A Public Sphere for Poetry, Nature, and Politics
Narcissism is an orientation in which all one’s interest and passion are directed to one’s own person: one’s body, mind, feelings, interests… For the narcissistic person, only he and what concerns him are fully real; what is outside, what concerns others, is real only in a superficial sense of perception; that is to say, it is real for one’s senses and for one’s intellect. But it is not real in a deeper sense, for our feeling or understanding. He is, in fact, aware only of what is outside, inasmuch as it affects him. Hence, he has no love, no compassion, no rational, objective judgment. The narcissistic person has built an invisible wall around himself. He is everything, the world is nothing. Or rather: He is the world[….]
A person living in this mode is not necessarily very narcissistic. He may have broken through the shell of his narcissism, have an adequate appreciation of reality outside himself, not necessarily be “in love with himself”; he knows who he is and who the others are, and can well distinguish between subjective experience and reality. Nevertheless, he wants everything for himself; has no pleasure in giving, in sharing, in solidarity, in cooperation, in love. He is a closed fortress, suspicious of others, eager to take and most reluctant to give[….]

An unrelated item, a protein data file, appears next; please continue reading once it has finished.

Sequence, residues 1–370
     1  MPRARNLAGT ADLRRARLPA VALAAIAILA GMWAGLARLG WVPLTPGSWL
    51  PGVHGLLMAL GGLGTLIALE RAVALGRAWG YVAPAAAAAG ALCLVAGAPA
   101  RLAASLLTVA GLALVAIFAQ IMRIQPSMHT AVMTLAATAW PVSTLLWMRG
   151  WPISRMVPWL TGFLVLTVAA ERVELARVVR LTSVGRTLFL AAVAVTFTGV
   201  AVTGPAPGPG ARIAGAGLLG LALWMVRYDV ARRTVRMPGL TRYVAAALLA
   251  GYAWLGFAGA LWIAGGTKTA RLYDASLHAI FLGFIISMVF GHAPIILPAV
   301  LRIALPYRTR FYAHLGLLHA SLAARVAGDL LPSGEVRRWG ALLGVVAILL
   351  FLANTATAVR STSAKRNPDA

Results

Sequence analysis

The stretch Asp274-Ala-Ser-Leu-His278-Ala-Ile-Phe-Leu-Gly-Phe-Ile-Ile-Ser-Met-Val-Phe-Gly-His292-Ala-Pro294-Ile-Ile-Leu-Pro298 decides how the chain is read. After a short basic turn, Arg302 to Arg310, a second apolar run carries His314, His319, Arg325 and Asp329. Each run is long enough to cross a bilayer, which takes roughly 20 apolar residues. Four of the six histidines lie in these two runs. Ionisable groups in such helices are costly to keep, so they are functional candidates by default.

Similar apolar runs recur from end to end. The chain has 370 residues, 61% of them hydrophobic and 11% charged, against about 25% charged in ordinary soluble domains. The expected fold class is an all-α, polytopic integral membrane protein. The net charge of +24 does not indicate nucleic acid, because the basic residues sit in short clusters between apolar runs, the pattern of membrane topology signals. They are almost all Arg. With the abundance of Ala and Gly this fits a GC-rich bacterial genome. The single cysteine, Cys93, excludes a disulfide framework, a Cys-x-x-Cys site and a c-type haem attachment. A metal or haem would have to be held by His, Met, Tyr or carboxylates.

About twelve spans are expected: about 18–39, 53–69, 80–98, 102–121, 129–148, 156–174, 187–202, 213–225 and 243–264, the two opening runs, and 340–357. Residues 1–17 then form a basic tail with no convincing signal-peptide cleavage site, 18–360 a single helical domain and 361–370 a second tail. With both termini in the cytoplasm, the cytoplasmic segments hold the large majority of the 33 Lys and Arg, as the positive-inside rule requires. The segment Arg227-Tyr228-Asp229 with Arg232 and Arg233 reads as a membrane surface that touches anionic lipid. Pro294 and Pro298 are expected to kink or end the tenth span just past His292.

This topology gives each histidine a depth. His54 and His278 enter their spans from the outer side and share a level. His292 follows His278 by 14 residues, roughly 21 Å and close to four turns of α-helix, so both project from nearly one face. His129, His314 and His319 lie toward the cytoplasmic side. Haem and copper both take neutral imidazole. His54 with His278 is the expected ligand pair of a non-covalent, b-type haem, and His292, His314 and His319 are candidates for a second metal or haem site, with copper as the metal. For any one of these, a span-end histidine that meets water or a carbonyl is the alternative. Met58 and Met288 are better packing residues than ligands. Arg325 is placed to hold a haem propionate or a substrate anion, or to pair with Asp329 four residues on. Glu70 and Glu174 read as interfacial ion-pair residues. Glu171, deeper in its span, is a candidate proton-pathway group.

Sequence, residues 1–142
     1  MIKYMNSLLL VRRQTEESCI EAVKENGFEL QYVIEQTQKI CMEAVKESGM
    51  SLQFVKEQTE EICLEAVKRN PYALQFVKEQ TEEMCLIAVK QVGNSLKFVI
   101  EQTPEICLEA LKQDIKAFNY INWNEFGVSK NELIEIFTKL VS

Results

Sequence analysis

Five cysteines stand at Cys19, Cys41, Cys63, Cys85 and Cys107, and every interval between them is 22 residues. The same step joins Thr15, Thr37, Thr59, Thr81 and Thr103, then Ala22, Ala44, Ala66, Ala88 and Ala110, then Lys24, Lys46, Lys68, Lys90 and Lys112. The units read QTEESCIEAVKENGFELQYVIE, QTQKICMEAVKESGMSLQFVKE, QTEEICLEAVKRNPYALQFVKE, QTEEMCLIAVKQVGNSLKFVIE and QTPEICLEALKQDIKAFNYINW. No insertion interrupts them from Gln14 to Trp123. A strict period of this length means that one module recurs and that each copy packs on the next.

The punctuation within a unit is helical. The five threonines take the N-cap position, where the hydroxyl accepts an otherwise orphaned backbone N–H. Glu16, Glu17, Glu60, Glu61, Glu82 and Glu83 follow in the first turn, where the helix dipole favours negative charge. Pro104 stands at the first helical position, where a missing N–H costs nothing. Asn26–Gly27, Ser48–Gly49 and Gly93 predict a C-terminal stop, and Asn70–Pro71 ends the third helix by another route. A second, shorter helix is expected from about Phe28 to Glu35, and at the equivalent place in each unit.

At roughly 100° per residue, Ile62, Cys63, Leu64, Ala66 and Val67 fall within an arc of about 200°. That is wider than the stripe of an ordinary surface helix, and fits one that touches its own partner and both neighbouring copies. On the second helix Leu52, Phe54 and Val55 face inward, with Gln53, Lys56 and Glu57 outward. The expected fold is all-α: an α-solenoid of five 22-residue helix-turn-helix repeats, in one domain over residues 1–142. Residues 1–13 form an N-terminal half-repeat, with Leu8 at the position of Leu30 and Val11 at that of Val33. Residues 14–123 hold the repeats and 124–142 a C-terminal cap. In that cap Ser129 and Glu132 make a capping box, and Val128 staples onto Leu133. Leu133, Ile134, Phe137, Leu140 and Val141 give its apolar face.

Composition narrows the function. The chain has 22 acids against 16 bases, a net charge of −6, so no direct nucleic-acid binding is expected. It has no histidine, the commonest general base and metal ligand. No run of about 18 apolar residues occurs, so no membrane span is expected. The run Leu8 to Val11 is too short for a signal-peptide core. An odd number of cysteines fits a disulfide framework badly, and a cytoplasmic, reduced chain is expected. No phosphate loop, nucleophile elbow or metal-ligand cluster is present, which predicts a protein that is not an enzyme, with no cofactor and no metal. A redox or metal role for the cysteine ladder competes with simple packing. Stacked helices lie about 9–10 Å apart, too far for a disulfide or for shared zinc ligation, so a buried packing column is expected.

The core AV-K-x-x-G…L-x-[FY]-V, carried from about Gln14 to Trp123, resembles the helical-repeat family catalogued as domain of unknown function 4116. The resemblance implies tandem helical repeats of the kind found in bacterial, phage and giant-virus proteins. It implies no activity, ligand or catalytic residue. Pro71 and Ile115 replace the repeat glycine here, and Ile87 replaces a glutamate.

If a person has the will and the determination to loosen the bars of his prison of narcissism and selfishness, when he has the courage to tolerate the intermittent anxiety, he experiences the first glimpses of joy and strength that he sometimes attains. And only then a decisive new factor enters into the dynamics of the process. This new experience becomes the decisive motivation for going ahead and following the path he has charted… [An] experience of well-being — fleeting and small as it may be — … becomes the most powerful motivation for further progress[….]
Awareness, will, practice, tolerance of fear and of new experience, they are all necessary if transformation of the individual is to succeed. At a certain point the energy and direction of inner forces have changed to the point where an individual’s sense of identity has changed, too. In the property mode of existence the motto is: “I am what I have.” After the breakthrough it is “I am what I do” (in the sense of unalienated activity); or simply, “I am what I am.”
From The Art of Being by Erich Fromm, published by Constable and Company Ltd, 1993.